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Ostrogoths

Ostrogoths (East Goths), division of the Goths, one of the most important groups of the Germans. According to their own unproven tradition, the ancestors of the Goths were the Gotar of S Sweden. By the 3d cent. AD, the Goths settled in the region N of the Black Sea. They split into two divisions, their names reflecting the areas in which they settled; the Ostrogoths settled in Ukraine, while the Visigoths, or West Goths, moved further west of them. By c.375 the Huns conquered the Ostrogothic kingdom ruled by Ermanaric, which extended from the Dniester River, north and east to the headwaters of the Volga River. The Ostrogoths were subject to the Huns until the death (453) of Attila, when they settled in Pannonia (roughly modern Hungary) as allies of the Byzantine (East Roman) empire. The Ostrogoths, who had long elected their rulers, chose (471) Theodoric the Great as king. A turbulent ally, the Byzantine emperor, Zeno, commissioned Theodoric to reconquer Italy from Odoacer. The Ostrogoths entered Italy in 488, defeated and slew (493) Odoacer, and set up the Ostrogothic kingdom of Italy, with Ravenna as their capital. After Theodoric's death (526) his daughter Amalasuntha was regent for her son Athalric. She placed herself under the protection of the Byzantine emperor Justinian I. Her murder (535) served as pretext for Justinian to send Belisarius to reconquer Italy. He crushed the Ostrogothic kingdom, but on his recall (541) the Ostrogoths rebelled under the leadership of Totila. In 552 the Byzantine general Narses defeated Totila, who fell in battle. As a result, the Ostrogoths lost their national identity, and the hegemony over Italy passed to Byzantium and shortly afterward to the Lombards. Under the Ostrogothic kings, the culture of late antiquity was revived by Boethius and Cassiodorus; Dionysius Exiguus compiled church law; and Saint Benedict laid the basis of Western monasticism. Roman law and institutions were for the most part maintained; however, the Ostrogoths were resented as aliens by the Italians, from whom they differed not only in culture but also in religion, since they were Arians.

See T. Hodgkin, Italy and Her Invaders, Vol. I–III (2d ed. 1892–96, repr. 1967); T. S. Burns A History of the Ostrogoths (1984).

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Ostrogoths

Ostrogoths See Goth From c.374 to the death of Attila (453) the Ostrogoths were subject to the Huns. In 493 the Ostrogoths, led by Theodoric the Great, assassinated Odoacer and established a kingdom in Italy based at Ravenna. In 535 the Byzantine general Belisarius reconquered Italy. Ostrogothic culture was revived by Boethius.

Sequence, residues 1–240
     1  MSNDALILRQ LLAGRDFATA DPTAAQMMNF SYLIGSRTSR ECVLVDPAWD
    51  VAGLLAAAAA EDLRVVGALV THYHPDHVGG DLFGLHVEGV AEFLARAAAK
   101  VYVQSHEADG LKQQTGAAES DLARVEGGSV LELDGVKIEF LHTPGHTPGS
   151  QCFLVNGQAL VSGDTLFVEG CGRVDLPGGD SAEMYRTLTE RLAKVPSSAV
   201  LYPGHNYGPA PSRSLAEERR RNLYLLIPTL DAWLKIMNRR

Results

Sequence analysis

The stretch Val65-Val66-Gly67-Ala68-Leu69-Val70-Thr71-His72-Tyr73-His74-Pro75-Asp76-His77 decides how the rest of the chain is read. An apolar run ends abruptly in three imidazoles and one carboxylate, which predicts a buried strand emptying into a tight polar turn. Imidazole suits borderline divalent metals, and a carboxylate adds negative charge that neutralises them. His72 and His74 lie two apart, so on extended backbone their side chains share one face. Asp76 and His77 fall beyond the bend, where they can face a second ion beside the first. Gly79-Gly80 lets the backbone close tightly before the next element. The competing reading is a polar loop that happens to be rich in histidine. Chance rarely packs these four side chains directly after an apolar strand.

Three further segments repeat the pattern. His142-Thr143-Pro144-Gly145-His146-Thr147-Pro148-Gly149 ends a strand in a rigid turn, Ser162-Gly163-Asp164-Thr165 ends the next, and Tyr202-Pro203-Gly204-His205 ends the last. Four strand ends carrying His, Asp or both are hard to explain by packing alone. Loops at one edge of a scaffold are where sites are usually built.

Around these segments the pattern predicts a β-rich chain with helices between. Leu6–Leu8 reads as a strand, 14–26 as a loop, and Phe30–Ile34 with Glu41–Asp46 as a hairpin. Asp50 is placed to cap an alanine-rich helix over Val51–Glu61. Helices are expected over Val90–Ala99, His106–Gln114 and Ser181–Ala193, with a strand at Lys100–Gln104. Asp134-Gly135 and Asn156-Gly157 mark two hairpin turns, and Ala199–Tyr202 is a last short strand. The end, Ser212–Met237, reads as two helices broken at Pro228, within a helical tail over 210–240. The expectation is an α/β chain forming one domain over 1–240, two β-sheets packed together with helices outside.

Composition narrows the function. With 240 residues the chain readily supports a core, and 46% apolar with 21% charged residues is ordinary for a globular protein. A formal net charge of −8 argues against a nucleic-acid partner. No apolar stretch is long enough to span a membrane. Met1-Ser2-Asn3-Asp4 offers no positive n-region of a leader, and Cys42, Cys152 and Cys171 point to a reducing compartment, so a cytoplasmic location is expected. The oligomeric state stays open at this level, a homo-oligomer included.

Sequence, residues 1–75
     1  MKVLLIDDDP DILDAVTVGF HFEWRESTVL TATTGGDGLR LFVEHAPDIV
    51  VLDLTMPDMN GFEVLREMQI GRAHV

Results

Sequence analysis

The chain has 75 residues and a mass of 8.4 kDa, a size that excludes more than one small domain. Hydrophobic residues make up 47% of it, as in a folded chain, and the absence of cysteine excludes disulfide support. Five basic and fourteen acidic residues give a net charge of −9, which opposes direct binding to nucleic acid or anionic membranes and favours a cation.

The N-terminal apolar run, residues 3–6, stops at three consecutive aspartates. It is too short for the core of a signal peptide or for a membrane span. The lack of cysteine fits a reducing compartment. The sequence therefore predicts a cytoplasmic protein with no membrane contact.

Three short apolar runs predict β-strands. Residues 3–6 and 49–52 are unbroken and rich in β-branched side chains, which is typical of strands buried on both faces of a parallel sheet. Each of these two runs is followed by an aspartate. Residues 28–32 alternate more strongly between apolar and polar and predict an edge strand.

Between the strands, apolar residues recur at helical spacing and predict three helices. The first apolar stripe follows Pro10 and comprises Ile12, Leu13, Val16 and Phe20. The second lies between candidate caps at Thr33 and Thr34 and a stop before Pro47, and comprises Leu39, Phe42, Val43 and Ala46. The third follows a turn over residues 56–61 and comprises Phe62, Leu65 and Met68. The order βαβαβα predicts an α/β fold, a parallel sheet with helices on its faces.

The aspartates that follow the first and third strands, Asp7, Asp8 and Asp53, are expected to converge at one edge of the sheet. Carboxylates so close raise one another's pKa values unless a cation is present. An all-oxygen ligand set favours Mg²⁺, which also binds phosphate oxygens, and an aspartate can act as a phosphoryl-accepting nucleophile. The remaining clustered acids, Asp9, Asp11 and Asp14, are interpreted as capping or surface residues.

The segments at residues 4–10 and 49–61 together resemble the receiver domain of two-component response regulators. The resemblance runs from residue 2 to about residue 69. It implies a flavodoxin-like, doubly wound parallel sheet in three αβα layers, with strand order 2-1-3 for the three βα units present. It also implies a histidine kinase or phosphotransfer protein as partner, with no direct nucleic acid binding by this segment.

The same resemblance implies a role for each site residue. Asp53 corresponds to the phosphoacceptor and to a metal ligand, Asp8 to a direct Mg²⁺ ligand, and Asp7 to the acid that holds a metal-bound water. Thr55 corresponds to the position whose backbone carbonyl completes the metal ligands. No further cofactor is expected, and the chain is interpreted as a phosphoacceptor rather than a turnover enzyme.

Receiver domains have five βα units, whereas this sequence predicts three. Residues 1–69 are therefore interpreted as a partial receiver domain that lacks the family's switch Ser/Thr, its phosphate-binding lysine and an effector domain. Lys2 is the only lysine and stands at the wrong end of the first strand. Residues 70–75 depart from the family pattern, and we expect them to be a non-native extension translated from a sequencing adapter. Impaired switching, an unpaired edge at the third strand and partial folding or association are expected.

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Ostrogoths

OSTROGOTHS

The Ostrogoths, like the Visigoths, were an Indo-European group that first appears in the archaeological record in Poland in the first century b.c. From Poland the ancestors of the Ostrogoths seem to have migrated southeast rather than due south, as did the ancestors of the Visigoths, and this is why they are known as the Ostrogoths, or East Goths. They finally settled down to farm in the Ukraine, on the northern shores of the Black Sea. At that time they probably were not unified as a group and did not have a king.

In the course of the fourth century a.d., however, the Huns, leaving eastern Siberia, migrated in a group across northern Asia to the Ukraine, where they pushed the Ostrogoths out of their traditional homeland, forcing them to move to central Europe (modern-day Austria). Even after moving to central Europe, however, the Ostrogoths still suffered from Hunnic harassment, and soon they were taken over entirely by the Huns.

In a.d. 453 Attila, the king of the Huns, died, and his empire collapsed amid squabbling among his weaker sons. The Ostrogoths were able to take advantage of this disunity to break free of Hunnic control and reestablish their independence. According to tradition, they chose as their leaders three brothers, one of whom was Theudemir. By the midfifth century a.d., the Ostrogoths increasingly were involved with Roman politics. As a pledge for one of the Ostrogothic arrangements with the Romans, the Ostrogothic king Theudemir sent his own son, Theodoric (Dietrich in German), to live at the Roman court in Constantinople (modern-day Istanbul). Theodoric was eight years old at the time, and he therefore grew up culturally as Roman as he was Ostrogothic. When Theodoric was eighteen, in a.d. 475, his father died, and Theodoric returned home to rule his people.